Carole had been so pressured at school that she decided to come home despite the expense. The very thought of staying away at Christmastime seemed so ridiculous now that she found it difficult to imagine why she had planned to do so in the first place.

Although Carole enjoyed school, there were some disturbing aspects of it. Her courses were intellectually stimulating, but she was required to deal with sacred texts in ways she never had before. Some of her professors discussed the Bible as being nothing more than Hebrew mythology—fairy stories. The professors were so intelligent and knew so much about such vast amounts of information, that Carole could never hold her own in any debate about religion versus history.

Regardless of her strong and intelligent stand in defense of the sacred texts, her professors always ended up winning the discussion, and she would leave class with feelings of confusion. If the Bible was a myth, she reasoned, maybe the Book of Mormon was too. Maybe Joseph Smith was a modern myth. Carole couldn’t be certain about what she felt. But she did know one thing for sure: she no longer felt a closeness with Heavenly Father.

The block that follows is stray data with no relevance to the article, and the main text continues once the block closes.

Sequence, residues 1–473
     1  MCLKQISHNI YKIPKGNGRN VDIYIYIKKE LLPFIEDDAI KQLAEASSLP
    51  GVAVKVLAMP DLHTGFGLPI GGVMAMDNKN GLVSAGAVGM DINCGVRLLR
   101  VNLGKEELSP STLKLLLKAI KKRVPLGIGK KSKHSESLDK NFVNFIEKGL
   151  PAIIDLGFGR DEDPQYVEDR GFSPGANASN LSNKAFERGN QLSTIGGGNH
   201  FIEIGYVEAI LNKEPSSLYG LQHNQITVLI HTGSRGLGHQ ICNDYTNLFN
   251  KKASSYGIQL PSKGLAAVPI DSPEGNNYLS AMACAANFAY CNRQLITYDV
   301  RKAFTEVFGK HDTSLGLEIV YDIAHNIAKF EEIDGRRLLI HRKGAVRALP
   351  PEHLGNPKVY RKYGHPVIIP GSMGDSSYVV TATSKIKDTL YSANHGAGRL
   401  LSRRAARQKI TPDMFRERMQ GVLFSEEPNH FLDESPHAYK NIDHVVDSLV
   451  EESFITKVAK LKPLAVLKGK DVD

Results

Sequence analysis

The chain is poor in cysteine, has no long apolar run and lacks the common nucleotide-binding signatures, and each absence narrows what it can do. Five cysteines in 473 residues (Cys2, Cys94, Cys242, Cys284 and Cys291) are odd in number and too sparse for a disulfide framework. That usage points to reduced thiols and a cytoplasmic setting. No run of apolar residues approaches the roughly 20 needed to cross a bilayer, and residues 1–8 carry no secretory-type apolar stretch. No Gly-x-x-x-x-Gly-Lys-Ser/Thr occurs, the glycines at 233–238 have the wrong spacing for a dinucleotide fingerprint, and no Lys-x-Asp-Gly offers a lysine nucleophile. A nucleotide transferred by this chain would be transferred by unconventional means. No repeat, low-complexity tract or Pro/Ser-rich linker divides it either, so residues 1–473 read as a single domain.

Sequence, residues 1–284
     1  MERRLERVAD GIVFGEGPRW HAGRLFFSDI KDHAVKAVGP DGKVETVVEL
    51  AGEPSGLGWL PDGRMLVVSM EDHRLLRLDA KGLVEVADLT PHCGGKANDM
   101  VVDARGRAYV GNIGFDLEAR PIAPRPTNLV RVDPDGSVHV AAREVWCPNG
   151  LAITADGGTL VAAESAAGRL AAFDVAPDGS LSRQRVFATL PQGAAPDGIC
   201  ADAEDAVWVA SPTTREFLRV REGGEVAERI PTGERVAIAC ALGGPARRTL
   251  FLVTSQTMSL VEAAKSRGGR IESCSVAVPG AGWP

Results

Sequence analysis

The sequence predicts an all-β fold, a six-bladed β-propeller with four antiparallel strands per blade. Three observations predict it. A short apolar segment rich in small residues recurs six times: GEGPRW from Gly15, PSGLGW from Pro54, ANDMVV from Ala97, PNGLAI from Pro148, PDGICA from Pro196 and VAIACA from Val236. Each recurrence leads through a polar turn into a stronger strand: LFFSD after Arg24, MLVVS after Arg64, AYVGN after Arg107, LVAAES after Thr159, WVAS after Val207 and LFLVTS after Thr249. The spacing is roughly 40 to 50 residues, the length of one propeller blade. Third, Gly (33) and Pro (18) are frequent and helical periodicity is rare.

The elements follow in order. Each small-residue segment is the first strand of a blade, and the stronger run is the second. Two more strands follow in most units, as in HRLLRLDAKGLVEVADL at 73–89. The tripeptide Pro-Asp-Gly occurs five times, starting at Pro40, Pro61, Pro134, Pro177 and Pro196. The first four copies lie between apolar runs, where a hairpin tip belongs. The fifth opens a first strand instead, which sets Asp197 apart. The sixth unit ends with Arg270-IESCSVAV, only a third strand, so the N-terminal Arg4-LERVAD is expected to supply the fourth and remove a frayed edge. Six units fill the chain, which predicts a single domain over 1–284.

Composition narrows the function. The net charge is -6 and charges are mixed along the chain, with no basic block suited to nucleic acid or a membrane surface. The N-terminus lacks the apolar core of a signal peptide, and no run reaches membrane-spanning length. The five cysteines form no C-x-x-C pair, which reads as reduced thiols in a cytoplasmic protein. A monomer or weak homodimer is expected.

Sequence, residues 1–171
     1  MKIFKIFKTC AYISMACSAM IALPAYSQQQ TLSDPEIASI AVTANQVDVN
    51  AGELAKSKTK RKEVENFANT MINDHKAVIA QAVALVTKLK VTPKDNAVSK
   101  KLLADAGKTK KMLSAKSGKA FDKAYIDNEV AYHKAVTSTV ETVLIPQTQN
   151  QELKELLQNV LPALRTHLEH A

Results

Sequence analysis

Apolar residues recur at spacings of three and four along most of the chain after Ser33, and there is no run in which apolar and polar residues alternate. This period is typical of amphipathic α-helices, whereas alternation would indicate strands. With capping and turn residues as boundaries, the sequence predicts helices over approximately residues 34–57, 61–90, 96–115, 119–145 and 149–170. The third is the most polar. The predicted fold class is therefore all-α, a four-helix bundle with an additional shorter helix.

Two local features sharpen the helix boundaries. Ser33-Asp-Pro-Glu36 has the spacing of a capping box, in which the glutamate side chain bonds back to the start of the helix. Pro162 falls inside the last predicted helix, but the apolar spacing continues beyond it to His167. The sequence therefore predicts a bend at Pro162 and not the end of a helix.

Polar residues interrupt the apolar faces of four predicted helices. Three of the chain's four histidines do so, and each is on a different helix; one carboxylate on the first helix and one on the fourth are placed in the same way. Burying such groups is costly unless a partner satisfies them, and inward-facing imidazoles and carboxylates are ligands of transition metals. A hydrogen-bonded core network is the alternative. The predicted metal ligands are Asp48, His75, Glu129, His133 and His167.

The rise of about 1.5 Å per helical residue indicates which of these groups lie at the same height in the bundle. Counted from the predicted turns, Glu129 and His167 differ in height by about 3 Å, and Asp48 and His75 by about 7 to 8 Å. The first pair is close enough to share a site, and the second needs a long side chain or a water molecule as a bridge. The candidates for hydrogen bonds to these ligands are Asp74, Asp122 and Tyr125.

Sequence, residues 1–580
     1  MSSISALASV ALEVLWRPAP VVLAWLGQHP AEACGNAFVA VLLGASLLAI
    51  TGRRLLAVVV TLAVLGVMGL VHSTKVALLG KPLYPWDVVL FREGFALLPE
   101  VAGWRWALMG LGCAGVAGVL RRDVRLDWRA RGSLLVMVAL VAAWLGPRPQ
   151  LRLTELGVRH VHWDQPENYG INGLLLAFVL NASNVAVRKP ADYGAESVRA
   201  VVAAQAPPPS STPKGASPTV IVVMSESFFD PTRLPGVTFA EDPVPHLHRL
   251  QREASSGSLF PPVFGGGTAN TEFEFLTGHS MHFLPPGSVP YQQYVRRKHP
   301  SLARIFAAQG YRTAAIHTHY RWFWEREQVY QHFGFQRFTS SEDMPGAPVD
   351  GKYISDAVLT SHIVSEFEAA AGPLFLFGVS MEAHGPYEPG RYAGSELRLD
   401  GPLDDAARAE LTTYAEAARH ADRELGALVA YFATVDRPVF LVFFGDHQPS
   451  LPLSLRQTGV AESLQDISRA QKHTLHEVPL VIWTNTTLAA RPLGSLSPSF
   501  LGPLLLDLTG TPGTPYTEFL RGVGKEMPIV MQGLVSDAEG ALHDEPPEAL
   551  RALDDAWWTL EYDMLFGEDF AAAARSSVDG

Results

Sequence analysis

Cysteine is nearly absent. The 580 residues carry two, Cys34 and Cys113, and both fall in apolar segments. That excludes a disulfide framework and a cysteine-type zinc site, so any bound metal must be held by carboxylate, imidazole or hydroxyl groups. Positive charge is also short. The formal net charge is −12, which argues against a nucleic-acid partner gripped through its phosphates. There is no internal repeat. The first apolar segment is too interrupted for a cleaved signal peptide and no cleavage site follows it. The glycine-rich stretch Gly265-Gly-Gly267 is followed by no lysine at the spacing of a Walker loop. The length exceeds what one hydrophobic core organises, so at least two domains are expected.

“I just thought of the perfect gift for you, Carole!” said Sweetie, interrupting Carole’s thoughts. “’Course you’ll have to fetch it yourself—my legs not being what they used to be. You just get yourself up to the attic, and you’ll find it in the mahogany trunk. I know you’ll catch on to what it is when you look. Now, it’s not much, but you understand.”

Carole hadn’t come with the intention of getting a gift, but she climbed the stairs to the attic. As she went up, she reflected on her failing testimony. It was as if she felt guilty for being in Sweetie’s home because of her uncertainty about the gospel. She wondered if Sweetie knew of her doubts and questions.

The attic door whistled as she opened it. She felt for the small lamp that she knew was towards the right of the room. An old spinning wheel hung on the north wall, its spindle dull and tarnished. Beneath it stood an oak rolltop desk covered with a sprinkling of dust. Boxes were piled neatly along the south wall. Carole remembered helping Sweetie organize her attic clutter into those boxes.